O unhappiness index it is a very simple measure of economic malaise, but it says something about the prestige of rulers. is the sum of inflation rate with the unemployment ratean idea by American economist Arthur Okun (1928-1980).
In general, also Popularity of Brazilian Presidents varies with this index of unhappiness or suffering (“misery index”).
The economic distress index started to fall around March and is expected to drop further. It seems plausible that the popularity of Jair Bolsonaro (PL) has bottomed out, starting at the beginning of the year, because of the increase in the number of people with some work.
Like any other simple explanation, resorting only to the suffering index is a big mistake. But it is not good to despise tricks and effects of inflation and employment on political conversation.
Despite coming off rock bottom, Bolsonaro’s assessment and voting have improved very little so far, even with less economic suffering and the announcement of the Aid Brazil fatter. It doesn’t mean that lower inflation, more jobs and money from benefits in hand can’t bring more votes to Bolsonaro.
From the point of view of the Bolsonarista campaign, it is electoral suicide to wait and see, however. Something needs to be done. THE persistence of Lula da Silva’s (PT) loose leadership can provoke a stampede of candidates and allies. More than losing support from politicians, who may not count for much in the world of social networks, Bolsonaro may see the disappearance of other presidential candidates and their votes, votes that guarantee at least a second round.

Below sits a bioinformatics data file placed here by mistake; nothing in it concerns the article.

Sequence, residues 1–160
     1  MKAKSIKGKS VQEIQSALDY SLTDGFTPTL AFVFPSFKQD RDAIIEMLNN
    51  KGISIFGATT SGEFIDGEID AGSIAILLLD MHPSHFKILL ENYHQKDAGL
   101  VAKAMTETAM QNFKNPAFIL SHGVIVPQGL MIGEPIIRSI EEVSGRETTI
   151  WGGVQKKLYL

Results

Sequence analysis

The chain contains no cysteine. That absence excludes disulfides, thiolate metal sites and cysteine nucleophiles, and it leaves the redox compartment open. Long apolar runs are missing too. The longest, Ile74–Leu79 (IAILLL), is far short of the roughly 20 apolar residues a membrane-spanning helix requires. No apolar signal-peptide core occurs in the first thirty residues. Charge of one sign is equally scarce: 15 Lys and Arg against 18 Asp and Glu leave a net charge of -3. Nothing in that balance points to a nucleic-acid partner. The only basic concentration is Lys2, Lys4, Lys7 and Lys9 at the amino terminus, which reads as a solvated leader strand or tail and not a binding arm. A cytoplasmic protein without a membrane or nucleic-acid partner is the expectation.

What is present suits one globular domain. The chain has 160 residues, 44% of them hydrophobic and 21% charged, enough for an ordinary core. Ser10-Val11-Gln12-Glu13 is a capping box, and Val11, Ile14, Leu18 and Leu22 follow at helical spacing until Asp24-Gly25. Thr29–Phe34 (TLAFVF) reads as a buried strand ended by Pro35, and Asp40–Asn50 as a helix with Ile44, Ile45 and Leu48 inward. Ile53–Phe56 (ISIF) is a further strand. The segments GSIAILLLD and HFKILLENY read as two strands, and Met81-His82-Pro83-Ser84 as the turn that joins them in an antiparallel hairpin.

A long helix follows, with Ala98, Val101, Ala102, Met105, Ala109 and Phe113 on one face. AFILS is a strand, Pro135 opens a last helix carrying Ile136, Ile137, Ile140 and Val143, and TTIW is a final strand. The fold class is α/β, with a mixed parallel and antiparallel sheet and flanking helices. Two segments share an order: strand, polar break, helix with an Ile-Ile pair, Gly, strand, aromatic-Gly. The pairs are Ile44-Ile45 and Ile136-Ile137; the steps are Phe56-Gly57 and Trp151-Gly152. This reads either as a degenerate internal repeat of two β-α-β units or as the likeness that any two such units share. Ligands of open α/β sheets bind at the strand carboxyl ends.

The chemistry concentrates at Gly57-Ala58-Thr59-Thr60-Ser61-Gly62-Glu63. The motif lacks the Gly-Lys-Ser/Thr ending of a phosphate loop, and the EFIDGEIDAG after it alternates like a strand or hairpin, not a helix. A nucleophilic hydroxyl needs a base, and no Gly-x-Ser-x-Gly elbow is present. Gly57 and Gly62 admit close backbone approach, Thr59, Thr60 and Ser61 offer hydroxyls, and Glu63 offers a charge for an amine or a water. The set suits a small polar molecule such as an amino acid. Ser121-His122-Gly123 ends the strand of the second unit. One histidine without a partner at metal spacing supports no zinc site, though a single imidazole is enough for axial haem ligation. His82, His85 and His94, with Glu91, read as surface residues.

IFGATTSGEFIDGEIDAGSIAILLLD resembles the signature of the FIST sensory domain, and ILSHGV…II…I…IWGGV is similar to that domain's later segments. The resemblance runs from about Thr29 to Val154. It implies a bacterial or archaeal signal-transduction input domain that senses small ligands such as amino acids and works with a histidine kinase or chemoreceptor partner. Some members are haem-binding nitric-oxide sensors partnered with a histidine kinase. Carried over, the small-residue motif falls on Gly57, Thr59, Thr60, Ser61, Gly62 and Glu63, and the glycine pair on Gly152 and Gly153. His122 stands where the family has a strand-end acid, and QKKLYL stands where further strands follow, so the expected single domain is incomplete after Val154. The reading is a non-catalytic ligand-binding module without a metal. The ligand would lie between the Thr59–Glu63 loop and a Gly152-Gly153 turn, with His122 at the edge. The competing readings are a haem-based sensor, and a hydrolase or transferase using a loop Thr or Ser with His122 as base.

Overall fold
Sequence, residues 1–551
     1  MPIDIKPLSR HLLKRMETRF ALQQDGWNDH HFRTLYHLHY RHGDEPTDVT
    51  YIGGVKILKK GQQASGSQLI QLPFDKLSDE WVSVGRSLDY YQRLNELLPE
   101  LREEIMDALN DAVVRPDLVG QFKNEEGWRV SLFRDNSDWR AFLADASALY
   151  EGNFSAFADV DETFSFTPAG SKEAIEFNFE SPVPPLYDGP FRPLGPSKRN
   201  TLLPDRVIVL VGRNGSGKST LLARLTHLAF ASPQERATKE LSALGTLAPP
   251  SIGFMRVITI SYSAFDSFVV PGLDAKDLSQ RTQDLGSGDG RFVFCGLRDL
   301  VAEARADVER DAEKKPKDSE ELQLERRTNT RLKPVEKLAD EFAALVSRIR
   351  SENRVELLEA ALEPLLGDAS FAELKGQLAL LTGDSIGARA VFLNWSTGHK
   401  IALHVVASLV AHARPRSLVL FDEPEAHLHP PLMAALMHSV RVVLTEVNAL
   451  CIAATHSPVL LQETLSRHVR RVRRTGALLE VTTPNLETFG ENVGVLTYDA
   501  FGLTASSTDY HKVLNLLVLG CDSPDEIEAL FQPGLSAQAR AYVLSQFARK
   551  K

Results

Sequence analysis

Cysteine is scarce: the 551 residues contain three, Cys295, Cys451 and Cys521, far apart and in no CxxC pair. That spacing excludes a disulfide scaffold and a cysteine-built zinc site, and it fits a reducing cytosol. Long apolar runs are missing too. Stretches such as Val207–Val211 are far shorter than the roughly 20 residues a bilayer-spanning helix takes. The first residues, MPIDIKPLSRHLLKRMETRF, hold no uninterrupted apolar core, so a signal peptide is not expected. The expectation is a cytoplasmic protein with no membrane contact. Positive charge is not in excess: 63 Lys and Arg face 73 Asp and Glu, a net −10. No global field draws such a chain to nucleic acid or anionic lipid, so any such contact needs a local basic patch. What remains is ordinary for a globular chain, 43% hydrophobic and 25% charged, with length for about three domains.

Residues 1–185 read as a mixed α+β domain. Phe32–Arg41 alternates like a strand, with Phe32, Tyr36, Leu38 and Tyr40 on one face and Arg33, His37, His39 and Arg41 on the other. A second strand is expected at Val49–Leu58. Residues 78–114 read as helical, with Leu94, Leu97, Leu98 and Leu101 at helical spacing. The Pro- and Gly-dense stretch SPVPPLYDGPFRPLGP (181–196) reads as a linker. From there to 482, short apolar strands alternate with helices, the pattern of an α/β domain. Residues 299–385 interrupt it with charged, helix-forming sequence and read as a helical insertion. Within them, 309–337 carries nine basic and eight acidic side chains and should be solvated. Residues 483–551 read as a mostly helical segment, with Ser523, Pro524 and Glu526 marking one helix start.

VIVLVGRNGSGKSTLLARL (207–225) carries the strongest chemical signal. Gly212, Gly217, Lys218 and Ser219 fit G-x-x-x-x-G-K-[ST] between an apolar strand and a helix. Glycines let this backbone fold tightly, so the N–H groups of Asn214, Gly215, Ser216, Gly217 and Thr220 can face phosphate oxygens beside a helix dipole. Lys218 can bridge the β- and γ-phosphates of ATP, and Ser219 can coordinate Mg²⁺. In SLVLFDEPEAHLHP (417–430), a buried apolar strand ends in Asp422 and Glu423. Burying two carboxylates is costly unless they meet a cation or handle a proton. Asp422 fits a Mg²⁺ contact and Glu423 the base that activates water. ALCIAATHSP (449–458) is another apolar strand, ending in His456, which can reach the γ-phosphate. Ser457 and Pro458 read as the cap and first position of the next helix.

Before the electoral fraud, inflation of 10% a year was expected until the eve of the first round. Now, 8% is predicted. The unemployment rate and the number of employed people improve much faster. This is in an environment where the workforce and the level of occupation (people of working age who have jobs) have returned to averages from 2012 to 2019. The unemployment rate at the end of this year could be the lowest since 2014.
But the price level, especially for basic things like food, is at a horrible level. The real value of the average salary is still the lowest in the decade. At least until 2021, the onslaught of work was much greater for the poorest 30%.
Wherever you look, average salary, of the poorest or by unit cost of work (average salary per unit of product, in reais or in dollars), the worker is at a liquidation price. Perhaps, for this reason, companies hire more (there may have been a reduction in other labor costs with the labor reform).
In the two months leading up to the first round, there is little time for significant extra improvement in employment and further decline in inflation, even though wages are now rapidly deteriorating. In December 2021, the average real wage was falling by 11% per year; in June, at 5%. From now on, less salty electricity bills will also arrive and Emergency Aid will drip. The cooling off of the economy was delayed until the end of the year.
Finally, note the obvious: the real, violent campaign begins only at the end of August. We will also see the religious conflict and other “culture wars”, the conversation with the mass of voters who barely lived under Lula, the expectation of what the future of the income of the poor will be, the digital lie and who knows even mass and violence in the road. It is almost always difficult to anticipate the final, decisive motto of campaigns.
This columnist comes back at the end of August to see this ghoulish sururu. Until then, vacation.
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